Reaction: You get the sense that LeBron is still figuring out how to reach this Cavaliers team. Leading by example to the point of aloofness didn’t really work, so now he’s trying a more inclusive approach. People have also sensed from Jenkins’ piece that LeBron is unhappy, but I don’t think that’s the right read. Unfulfilled maybe, yet it’s the challenge that’s exhilarating. Given the emotional investment in delivering a championship to his hometown, this challenge is as big as any he’s faced in his career.

"If I’m able to link up with Pop in the afterlife, we can sit down and drink some wine and I can ask him how to pace. The Spurs know how to pace perfection. I haven’t figured that out yet." Bonus LeBron via Jenkins.

Reaction: This quote is just too great not to include. I love the idea of Bron and Pop the two masters of the modern game sitting down with a fine Cabernet and discussing the world through the dimension of space on a basketball court. I’d pay serious money to hear that conversation.

"Sometimes I see someone with a Brooklyn hat on, I say, ‘What is that? You need a Knicks hat.’ I joke around with them. Sometimes I see them. Not as many as Knicks fans, though." Knicks rookie Kristaps Porzingis who is perfect.

Reaction: It’s as if someone wanted to know just how much more Knick fans could love their rookie and that was before he dropped 19 and 10 on the Nets.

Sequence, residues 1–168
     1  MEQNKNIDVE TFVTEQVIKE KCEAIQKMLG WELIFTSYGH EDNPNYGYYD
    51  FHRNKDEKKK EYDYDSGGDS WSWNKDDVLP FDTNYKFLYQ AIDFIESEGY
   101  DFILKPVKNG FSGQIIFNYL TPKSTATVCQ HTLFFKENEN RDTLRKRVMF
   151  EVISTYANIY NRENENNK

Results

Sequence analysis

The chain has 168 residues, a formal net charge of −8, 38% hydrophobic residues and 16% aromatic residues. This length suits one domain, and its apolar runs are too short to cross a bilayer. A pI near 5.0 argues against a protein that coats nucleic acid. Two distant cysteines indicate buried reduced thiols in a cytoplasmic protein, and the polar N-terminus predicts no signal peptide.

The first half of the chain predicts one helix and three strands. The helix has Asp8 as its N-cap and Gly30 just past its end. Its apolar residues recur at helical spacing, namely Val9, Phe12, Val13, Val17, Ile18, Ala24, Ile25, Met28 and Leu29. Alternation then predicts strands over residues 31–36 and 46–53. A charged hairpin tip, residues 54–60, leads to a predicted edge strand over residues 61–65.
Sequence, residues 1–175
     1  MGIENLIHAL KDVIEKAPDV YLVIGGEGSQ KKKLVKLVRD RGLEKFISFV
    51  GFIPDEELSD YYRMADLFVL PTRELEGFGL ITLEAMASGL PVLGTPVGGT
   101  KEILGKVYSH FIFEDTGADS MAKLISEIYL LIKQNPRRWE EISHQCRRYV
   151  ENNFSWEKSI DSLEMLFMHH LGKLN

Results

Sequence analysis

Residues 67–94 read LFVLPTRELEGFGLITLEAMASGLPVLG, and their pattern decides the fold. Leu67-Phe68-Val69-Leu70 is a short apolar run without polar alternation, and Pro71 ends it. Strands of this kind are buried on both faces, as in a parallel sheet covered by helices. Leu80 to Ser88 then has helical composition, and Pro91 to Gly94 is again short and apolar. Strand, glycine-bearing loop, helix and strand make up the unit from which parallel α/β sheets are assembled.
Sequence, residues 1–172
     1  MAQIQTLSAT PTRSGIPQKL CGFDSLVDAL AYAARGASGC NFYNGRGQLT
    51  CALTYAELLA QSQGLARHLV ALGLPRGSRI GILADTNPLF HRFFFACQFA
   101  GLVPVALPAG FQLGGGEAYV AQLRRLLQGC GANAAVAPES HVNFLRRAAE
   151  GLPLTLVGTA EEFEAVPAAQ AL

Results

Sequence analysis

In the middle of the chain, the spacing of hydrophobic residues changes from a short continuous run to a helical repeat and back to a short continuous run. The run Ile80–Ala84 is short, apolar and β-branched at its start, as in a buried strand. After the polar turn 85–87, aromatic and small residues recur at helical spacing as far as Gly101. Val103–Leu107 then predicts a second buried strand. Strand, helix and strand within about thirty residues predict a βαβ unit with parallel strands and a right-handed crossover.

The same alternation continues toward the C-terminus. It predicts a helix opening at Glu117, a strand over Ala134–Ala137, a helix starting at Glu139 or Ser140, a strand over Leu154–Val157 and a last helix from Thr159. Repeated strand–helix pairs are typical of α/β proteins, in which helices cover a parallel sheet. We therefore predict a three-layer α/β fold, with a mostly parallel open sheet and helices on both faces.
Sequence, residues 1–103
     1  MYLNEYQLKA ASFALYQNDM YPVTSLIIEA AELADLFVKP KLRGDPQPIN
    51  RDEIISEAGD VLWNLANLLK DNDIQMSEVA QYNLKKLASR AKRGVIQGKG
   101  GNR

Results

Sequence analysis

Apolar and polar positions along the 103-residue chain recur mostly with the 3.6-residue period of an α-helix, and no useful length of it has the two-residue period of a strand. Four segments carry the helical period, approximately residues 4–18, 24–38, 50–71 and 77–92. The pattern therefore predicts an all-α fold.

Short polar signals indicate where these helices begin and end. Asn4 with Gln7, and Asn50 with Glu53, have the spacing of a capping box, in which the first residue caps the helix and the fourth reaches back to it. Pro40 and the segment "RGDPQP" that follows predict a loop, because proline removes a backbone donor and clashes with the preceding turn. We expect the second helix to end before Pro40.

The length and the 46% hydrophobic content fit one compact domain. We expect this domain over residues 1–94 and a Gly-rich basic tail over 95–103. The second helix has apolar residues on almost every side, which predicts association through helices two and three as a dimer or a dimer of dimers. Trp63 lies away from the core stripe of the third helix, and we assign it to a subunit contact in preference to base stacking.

"'What is he doing? That’s what we were saying. And at that point you start wondering, Is KG maybe a little crazy after all?" Former Celtic Leon Powe to ESPN’s Jackie MacMullan.

Reaction: Like Kevin Garnett himself, you’re either all the way with him or you have no use for him. It should mean something that most of the people who have been around Garnett for any length of time, be they teammates, coaches or media swear by the guy and defend his methods even when they veer into the indefensible. Do I think he’s a little crazy? Absolutely, and I also think that’s what gets him into trouble on occasion. One wonders what he’ll eventually do without this competitive outlet. Origami perhaps. F-You butterfly.

"I think there are a lot of ways to build toward a championship team and the draft is one of those ways and I think there’s a legitimate rebuilding process that teams can go through. My personal view is that being bad over a long period of time, whether it’s done intentionally or not, can be very destructive to sort of the character of the team and its place in the community." NBA commissioner Adam Silver.

Reaction: Silver was talking about the Blazers, and cited their rebuilding strategy as a positive development in both developing a team and maintaining credibility in Portland. He wasn’t talking about the 76ers necessarily, but I’ll make the point for him: Philly’s strategy may ultimately work and if it does, the fans will come back. We all know that. But what if it doesn’t? You can trust the process all you want, but there are no guarantees in the draft. The lack of a Plan B at this point is concerning.

Vine Of The Weekfurther explanation unnecessary

LeBron’s passing has always been the most underrated aspect of his game. This is just beautiful.

Designer: Josh Laincz | Producer: Tom Ziller | Editor: Tom Ziller

About the Author

After covering everything from 8-man football in Idaho to city politics in Boston, Paul came to SB Nation in 2013 to write about the NBA. He developed the Sunday Shootaround column and profiled players such as Damian Lillard, Draymond Green, and Isaiah Thomas. When not in arenas, he can usually be found running somewhere.